My name is David, and I love Jesus.
I also love my wife. She’s wonderful. We met over 6 years ago in college, but we didn’t get to know each other until the past two years, as we attend the same church, New City Fellowship East Lake. We live in Chattanooga.
I’m the founder of Develop CENTS, a company that provides IT services to nonprofits organizations and small businesses. CENTS is an acronym for Computing, Equipping, Networking, Training, and Supporting. As our clients are committed to developing their communities, we’re committed to developing their technology, and freeing their resources in better pursuit of their missions.
I went to Covenant College. In one of my classes,”Living and Working in a Multi-Cultural Context,” I enjoyed learning about the different types of cultures in the world, and how people communicate. I try to avoid terms such as “serving” or “ministering to” because I believe that these notions build a wrong attitude in the person doing development work. It really isn’t about me and my ideas. Instead, community development must be about building healthy relationships.
Bryant Myers writes in his book, Walking With the Poor, “Poverty is a result of relationships that do not work, that are not just, that are not for life, that are not harmonious or enjoyable. Poverty is the absence of shalom in all its meanings.”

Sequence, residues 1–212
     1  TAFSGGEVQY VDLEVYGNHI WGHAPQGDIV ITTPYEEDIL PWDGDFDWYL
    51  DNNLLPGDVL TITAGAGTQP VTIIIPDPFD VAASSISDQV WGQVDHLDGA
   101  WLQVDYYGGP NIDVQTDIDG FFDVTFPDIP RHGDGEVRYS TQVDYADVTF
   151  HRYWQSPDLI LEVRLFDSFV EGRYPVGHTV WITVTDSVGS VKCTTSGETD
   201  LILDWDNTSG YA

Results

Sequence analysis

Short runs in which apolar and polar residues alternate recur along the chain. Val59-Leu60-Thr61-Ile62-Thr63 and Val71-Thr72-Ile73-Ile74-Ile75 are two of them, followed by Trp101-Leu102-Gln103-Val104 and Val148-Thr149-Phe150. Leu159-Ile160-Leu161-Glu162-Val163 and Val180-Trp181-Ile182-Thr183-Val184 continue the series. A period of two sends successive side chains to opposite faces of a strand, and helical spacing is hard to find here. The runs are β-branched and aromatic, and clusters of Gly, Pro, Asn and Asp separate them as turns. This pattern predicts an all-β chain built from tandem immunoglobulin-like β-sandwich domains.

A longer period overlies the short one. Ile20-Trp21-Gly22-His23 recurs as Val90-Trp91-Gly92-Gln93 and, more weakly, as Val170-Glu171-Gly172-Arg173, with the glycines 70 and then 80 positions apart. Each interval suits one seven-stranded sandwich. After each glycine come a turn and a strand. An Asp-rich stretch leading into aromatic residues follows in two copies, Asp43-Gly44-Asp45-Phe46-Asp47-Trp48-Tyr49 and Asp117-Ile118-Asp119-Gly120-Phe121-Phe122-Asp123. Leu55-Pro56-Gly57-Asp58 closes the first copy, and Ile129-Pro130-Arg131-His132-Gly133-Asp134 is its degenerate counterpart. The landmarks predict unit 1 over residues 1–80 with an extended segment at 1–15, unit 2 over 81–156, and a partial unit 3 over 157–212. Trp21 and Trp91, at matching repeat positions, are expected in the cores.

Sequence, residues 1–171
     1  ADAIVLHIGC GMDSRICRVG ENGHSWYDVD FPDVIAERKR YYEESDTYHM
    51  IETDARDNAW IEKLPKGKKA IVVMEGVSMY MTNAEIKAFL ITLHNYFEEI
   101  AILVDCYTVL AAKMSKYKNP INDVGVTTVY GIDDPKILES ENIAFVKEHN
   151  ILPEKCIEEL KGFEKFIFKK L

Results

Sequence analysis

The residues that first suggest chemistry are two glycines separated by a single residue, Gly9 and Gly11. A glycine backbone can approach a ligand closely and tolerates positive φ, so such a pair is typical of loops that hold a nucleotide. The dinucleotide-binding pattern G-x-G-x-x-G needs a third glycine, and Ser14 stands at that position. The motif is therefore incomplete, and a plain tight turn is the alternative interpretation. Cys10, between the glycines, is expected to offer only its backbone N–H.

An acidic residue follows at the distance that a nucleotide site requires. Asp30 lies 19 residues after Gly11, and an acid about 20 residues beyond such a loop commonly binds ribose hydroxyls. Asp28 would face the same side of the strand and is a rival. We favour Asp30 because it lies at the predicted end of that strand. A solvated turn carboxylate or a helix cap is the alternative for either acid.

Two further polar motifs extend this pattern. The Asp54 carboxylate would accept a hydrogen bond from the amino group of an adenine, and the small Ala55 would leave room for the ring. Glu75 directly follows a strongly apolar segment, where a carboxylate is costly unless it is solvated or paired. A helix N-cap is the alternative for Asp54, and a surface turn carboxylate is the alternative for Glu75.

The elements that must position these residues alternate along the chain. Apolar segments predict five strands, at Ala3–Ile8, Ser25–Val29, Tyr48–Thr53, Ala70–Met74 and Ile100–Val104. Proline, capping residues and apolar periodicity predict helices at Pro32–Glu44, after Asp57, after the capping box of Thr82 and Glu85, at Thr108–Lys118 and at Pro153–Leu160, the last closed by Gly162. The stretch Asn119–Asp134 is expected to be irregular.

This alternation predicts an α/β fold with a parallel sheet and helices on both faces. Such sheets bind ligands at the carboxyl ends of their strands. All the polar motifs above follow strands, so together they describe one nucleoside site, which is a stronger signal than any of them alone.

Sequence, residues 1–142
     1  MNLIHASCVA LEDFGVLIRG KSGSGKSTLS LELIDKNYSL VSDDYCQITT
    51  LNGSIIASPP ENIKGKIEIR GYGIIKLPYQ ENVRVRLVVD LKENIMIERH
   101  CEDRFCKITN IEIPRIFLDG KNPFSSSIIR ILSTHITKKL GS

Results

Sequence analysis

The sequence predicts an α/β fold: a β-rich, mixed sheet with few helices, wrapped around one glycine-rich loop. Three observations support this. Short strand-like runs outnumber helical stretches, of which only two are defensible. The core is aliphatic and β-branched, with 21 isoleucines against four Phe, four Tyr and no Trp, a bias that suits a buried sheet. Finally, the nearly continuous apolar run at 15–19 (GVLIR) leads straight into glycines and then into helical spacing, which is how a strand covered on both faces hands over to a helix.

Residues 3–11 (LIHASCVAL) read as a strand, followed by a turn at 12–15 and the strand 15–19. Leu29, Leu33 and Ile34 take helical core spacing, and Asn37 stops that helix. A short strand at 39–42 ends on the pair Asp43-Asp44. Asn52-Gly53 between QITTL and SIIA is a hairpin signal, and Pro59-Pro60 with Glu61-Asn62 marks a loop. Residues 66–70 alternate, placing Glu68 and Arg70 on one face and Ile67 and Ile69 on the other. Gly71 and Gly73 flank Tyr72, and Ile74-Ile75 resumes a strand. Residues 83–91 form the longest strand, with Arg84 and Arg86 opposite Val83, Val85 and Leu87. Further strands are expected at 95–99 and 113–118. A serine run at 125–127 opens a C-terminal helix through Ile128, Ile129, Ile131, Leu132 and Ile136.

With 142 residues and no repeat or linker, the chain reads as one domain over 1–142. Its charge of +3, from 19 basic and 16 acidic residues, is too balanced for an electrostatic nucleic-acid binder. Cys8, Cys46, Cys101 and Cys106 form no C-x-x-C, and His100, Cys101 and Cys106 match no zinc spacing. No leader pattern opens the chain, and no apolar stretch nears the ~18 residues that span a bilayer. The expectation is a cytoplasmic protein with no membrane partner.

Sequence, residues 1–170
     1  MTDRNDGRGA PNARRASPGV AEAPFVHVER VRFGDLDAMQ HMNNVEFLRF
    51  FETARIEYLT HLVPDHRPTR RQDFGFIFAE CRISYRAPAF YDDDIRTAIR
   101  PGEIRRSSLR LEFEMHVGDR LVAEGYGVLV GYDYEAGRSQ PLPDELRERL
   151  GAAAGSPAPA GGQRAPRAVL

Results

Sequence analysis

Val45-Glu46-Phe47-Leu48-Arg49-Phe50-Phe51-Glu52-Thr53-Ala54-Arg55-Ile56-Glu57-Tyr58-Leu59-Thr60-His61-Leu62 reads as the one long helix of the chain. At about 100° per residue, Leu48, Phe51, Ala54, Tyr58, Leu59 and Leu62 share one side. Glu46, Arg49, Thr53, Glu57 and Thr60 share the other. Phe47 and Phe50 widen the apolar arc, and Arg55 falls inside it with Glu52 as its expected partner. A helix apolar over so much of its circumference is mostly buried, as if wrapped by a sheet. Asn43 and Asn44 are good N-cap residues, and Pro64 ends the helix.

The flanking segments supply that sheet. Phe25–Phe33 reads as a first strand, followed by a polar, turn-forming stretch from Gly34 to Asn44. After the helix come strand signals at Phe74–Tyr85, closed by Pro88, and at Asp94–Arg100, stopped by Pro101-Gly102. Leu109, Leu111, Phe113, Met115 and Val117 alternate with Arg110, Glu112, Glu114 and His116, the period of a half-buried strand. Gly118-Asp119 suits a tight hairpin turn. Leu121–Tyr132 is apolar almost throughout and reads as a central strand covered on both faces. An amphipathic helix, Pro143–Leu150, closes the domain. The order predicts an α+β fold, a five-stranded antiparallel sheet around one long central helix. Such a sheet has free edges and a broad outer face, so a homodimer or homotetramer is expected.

I want to facilitate the building of relationships and to combine my Information Technology / Computer Engineering skills with healthy community development. Develop CENTS is currently the way I pursue this goal.
I enjoy running, hiking, cooking, computer security research, expanding my Linux & server administration skills, reading, and spending time with my wife and my friends. I also enjoy quail hunting and fishing, although I haven’t been nearly as often in recent years as I did growing up.
One of my favorite quotes is by Duane Elmer, in his book Cross-Cultural Conflict: Building Relationships for Effective Ministry: “Love is culturally defined. When we truly love others, we love them in their own context, in keeping with the way they define love. We can’t express love in a vacuum. It can be expressed egocentrically (my way) or sociocentrically (as the other person would define love).“